2) All Islamic countries need to be bombed into the stone age (without worrying about what happens to Israel).

    What we’re doing are a bunch of ridiculous “half-measures” that are never going to solve the problem. If the Lord allows the temporal world to continue, Islam is going to overrun the West for these reasons:

    1) The West is too paralyzed by political correctness to do anything about Islam as a religion, having bought into all the “religion of peace” nonsense and thinks it can go on with Muslims in its midst.

    2) Demographically the West is making itself extinct. We have become a prissy, self-centered, neurotic, “pleasure uber alles,” child murdering culture. We don’t have kids and the Muslims do. All they have to do is wait us out, and we’ll be gone.

    Given all that, maybe an Islamic takeover wouldn’t be so bad. Abortion would be stopped. Christianity might actually get serious. All the fluffy, fruitcake versions of Christianity would disappear in an instant. Yet, I certainly don’t want Islam running over the West. Norwich’s three volumes on the history of Byzantium show you where that leads.

    Lord, have mercy.

  8. Petersen says:

    When governments engage in war they always favor some countries over others. It is not immoral for the US to favor Israel over Palestine any more than it is immoral for America to favor England over France. It might, however, be very foolish. And it is wrong when Christians argue that the modern nation-state Israel is God’s chosen vessel.

  9. Pastor Beisel says:


    I’ll admit certainly that I do not know the history of these conflicts as well as you. In fact, it has only been in recent years that I have actually learned anything about current affairs, and to be quite honest, I do find much of what conservative talk show hosts like Rush Limbaugh, et. al. to simply make sense. Common sense. It is not a bunch of intellectual jargon. It is simple, common sense. I don’t listen to them for their theological acumen, but simply to hear the other-usually-under-reported side of the news.

    But don’t pull that “Orwellian” crap on me 🙂 Honestly, then we can never make the case that we rightfully belong here in the U.S. because we (GASP!) “stole” the land from the native Americans (and we all know how peace-loving and friendly they were…see history of Aztecs and Incas).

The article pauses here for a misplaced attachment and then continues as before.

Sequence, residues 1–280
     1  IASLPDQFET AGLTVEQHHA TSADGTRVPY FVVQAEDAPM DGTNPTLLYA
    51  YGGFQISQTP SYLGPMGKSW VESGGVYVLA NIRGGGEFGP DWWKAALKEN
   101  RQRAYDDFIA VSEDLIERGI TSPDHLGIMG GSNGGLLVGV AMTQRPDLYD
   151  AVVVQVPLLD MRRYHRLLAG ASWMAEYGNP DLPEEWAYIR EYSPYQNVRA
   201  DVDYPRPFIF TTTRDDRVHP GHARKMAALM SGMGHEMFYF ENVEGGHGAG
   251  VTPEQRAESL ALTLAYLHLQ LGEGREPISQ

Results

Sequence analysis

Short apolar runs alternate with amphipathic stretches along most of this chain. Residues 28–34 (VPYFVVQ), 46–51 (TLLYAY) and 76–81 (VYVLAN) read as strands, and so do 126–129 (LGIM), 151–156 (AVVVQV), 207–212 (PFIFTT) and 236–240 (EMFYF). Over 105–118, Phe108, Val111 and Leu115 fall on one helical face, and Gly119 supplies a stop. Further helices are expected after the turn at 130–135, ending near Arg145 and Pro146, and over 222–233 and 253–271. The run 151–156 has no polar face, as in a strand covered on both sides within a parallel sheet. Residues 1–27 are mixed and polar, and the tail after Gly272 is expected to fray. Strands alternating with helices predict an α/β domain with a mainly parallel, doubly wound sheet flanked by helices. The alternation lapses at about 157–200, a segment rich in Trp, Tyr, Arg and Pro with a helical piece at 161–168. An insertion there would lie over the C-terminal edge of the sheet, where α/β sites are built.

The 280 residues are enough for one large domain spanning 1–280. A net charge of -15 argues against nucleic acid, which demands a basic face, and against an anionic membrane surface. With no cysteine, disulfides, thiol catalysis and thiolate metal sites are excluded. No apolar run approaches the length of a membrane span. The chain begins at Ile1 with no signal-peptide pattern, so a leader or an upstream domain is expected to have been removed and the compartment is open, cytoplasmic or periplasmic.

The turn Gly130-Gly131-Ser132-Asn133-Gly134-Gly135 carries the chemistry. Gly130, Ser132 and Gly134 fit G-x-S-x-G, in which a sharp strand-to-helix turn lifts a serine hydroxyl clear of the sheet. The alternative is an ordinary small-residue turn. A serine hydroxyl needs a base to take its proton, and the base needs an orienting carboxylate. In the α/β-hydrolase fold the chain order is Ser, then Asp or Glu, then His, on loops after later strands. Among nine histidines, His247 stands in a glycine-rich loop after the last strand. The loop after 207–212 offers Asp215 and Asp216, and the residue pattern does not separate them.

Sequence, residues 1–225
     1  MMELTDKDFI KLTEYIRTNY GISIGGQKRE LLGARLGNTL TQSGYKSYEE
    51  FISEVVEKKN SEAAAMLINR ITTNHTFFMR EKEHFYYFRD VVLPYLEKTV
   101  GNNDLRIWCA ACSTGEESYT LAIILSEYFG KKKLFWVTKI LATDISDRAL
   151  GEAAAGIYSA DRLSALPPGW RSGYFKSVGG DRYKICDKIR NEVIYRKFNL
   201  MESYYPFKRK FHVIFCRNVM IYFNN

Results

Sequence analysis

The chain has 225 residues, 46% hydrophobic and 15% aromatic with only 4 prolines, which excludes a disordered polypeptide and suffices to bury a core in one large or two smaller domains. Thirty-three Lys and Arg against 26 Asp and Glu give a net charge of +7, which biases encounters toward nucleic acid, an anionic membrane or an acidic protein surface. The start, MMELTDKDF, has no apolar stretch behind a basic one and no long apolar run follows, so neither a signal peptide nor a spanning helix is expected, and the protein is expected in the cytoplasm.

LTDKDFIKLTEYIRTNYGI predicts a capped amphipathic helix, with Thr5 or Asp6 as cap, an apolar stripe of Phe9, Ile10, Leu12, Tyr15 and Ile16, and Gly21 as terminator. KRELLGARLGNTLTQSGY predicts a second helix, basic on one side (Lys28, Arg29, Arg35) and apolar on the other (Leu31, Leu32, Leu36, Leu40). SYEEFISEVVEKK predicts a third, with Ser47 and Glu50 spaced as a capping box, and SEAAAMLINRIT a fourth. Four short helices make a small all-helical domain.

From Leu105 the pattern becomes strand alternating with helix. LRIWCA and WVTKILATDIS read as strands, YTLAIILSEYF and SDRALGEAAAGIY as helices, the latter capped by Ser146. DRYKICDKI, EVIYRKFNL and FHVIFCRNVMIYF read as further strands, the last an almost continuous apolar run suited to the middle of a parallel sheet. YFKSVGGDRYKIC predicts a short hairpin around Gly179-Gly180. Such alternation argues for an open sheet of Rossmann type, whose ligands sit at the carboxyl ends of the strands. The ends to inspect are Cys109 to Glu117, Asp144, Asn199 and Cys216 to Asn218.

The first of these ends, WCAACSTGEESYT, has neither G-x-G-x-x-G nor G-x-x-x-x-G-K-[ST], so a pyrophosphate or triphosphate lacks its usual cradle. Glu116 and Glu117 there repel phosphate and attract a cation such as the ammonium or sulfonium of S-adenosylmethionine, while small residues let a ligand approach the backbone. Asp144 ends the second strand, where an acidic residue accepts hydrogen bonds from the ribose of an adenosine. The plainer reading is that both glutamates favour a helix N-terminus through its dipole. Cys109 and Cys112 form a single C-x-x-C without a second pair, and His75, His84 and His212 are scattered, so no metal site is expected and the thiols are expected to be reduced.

Anyway, I always love a spirited discussion of these things. But it is funny to read some of the comments. I may watch Fox News too much and listen to Rush too much, but I hear Dan Rather and Katie Couric coming through loud and clear through the rest of the comments! (With a wink and a smile, of course).

  10. Rev. Shane Cota says:

    Ok Paul,

    I am not opposed to taking land from people from whom you have conquered it. I have no problem at all, if they had it coming (like those who practiced human sacrifice).

    All I’m really saying, when it boils down to it, is there is no reason at all to support Israel. And that’s all I have to say about that (to quote Forrest Gump).

    I’m with you when it comes to the Islamo-fascists, but I have no sympathy with Israel. We were nuts to give them the bomb.

    If you want to support a Christian persecuting and US spying state, then go right ahead. But just think, Saddam actually allowed more civil rights than Israel does. At least he allowed Christians on his cabinet. Can you say that about your beloved Israel?

    Again, if you want to wipe out Islam, great. But do it right.

  11. Pastor Beisel says:

    Ultimately this is about the West vs. Islamic Terrorism, when you boil it down to it. If you look at it that way, then on a purely left-hand kingdom level, one could plausibly support other countries who are in conflict with Islamic Terrorists, even a Christian-killing Israel.

    I guess the point of my original post was that Christians are not obligated to be pacifists. We recognize the right use of force by the government. And I don’t see you disagreeing with that.

  12. borther-in-law says:

    Uh, src,

    You can’t bomb all islamic countries back to the stone age because there would be no place left to deport “every last” Muslim.

    That is not a “serious” solution.


  13. SRC says:

    What I am saying is to deport them, AND then blow them to the stone age! 😉

  14. Fr. Gregory Hogg says:

    Pr. Beisel, you wrote: